DURBAN - KWAZULU-NATAL Health Head of Department Dr Sandile Tshabalala said the department was concerned about the more than 20 000 health workers in the province who had not been vaccinated.
Tshabalala said the department, which had a target of vaccinating 7.2 million people by December to reach herd immunity, had only managed 27% of the target so far and would be focusing on the front-line health workers.
“We want to find out what the myths are on vaccination and dismiss them, and arm them with knowledge to dismiss misinformation to the public. But the aim is to reach all government workers and understand their stance on refusing to vaccinate.
“What we are happy with is that when we compare March 5, 2020 with where we are with Covid-19 figures, we now have scientific data. It has been proven that those who have been vaccinated have a higher chance of survival.
“In Prince Mshiyeni, 36 000 people interact with one nurse in a month who has no idea about how many are infected. If you are not vaccinated as a nurse you would be exposed to all the different strains of Covid, and chances are you would then be exposed to a strain that may eventually kill you,” said Tshabalala.
Responding to the concerns of the Health Department, National Health and Allied Workers’ Union secretary-general Ayanda Zulu said there was a loss of trust between government and health workers that it needed to address.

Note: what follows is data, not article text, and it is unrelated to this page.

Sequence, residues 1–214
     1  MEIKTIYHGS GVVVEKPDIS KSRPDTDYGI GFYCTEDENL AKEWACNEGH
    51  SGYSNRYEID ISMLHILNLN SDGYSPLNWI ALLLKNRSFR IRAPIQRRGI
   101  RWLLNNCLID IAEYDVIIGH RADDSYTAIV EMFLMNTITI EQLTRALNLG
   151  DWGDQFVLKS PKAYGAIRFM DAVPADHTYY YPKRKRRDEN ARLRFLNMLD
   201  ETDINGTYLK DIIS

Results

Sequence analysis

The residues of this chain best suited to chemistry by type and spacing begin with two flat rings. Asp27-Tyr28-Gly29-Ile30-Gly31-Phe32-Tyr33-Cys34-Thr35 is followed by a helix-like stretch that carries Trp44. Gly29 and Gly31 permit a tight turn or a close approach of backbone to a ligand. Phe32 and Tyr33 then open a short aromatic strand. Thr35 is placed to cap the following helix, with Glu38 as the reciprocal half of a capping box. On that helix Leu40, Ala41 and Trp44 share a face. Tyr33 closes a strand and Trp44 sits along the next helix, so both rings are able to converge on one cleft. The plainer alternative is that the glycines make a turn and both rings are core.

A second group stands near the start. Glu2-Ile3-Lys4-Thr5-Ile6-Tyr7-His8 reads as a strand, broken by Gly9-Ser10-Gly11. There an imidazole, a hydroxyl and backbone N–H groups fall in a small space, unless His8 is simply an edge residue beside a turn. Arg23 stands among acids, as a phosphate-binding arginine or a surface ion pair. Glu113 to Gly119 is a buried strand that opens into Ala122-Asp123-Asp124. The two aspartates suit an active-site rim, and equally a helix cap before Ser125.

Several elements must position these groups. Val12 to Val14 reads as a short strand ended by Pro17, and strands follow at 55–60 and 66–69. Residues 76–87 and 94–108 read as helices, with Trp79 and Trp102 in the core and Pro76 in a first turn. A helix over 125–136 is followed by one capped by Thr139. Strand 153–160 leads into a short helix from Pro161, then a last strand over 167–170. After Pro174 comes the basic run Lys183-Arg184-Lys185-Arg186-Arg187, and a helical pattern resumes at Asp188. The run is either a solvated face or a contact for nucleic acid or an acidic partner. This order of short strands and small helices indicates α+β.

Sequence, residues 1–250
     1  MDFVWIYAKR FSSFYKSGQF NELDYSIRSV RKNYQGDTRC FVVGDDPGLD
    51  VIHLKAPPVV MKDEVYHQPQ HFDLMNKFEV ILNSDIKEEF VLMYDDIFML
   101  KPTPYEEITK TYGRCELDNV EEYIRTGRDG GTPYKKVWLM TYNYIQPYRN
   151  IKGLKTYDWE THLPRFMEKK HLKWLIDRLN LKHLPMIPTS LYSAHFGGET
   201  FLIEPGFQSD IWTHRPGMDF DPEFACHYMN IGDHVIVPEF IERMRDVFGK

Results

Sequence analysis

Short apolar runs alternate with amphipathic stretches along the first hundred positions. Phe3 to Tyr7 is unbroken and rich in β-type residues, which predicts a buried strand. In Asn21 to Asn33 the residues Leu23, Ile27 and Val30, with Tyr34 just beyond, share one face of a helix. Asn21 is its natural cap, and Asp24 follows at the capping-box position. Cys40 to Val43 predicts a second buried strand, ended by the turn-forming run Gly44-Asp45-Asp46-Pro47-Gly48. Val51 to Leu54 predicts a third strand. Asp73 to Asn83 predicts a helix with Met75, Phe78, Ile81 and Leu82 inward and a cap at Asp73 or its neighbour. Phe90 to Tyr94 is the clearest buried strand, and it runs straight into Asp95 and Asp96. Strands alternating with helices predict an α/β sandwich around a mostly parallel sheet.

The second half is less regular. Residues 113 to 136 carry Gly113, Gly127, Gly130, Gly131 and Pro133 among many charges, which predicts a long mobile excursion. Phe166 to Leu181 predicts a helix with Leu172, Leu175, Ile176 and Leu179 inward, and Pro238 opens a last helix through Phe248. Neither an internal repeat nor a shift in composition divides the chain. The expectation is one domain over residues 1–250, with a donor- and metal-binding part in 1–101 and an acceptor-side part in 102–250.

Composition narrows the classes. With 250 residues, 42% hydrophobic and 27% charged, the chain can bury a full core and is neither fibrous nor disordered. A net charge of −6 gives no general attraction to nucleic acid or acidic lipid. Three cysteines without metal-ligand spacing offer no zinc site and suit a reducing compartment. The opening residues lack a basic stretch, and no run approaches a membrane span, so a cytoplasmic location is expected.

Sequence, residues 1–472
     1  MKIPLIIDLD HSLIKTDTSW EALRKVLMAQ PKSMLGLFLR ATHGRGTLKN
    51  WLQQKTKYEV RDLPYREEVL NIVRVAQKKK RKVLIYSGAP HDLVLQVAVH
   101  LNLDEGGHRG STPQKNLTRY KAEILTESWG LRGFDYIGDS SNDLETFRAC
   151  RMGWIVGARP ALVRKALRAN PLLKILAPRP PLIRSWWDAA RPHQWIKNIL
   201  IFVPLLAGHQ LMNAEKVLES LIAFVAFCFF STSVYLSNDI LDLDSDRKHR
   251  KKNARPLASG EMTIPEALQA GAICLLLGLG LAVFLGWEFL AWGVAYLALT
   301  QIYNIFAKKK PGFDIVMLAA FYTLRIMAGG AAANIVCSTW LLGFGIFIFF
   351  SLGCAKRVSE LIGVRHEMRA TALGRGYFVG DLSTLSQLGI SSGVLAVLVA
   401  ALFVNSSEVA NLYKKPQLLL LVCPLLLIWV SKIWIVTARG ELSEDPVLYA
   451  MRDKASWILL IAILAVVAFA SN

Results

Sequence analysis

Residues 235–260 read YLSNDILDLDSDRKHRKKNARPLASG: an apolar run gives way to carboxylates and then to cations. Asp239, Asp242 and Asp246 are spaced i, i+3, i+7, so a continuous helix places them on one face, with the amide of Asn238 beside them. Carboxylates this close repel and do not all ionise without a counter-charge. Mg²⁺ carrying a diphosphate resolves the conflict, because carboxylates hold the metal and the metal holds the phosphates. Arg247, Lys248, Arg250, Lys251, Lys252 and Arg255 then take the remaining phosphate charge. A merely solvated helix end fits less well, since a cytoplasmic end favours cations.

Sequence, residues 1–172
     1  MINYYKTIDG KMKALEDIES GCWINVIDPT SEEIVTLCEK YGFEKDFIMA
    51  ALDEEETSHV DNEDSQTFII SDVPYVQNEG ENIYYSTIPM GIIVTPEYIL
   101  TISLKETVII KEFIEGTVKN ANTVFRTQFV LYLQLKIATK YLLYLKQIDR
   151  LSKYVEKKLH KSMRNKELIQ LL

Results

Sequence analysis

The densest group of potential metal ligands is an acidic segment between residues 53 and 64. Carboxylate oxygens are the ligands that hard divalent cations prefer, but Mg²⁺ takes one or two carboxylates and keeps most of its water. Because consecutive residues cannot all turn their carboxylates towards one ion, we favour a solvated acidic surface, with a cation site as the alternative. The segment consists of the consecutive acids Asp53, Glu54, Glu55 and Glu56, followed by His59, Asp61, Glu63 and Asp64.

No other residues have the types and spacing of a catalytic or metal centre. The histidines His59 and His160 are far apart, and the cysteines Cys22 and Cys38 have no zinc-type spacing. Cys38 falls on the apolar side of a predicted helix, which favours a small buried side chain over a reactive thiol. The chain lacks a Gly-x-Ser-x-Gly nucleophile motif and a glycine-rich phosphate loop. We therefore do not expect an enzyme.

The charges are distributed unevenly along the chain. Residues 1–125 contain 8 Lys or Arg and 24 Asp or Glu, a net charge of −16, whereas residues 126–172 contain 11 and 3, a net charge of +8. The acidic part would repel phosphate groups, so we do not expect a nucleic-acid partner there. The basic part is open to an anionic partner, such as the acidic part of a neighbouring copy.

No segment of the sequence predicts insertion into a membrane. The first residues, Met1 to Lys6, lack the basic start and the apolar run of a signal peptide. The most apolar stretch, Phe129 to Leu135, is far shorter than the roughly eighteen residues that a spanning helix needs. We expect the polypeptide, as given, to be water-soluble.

Zulu said some health workers were resisting the Covid-19 vaccine initiative because their other requests, such as salary increases and transparency on the causes of death among those who had been vaccinated, had not been adequately addressed.
“They need to bridge the gap very quickly because health workers who are at the forefront are crucial to convince communities who are falling for the propaganda narrative on vaccines,” said Zulu.
Democratic Nursing Organisation of South Africa provincial secretary Mandla Shabangu agreed that the government needed to lean more on trade unions to win over health and other state workers.
Shabangu said many trade union members had cited chronic diseases and religious reasons for their vaccine hesitancy.
He said the government needed to revive weekly engagements with trade unions. “We need to revive weekly co-ordinating committee meetings where we can address issues we hear from members on the ground. The initial success was based on regular interaction, which is now non-existent.”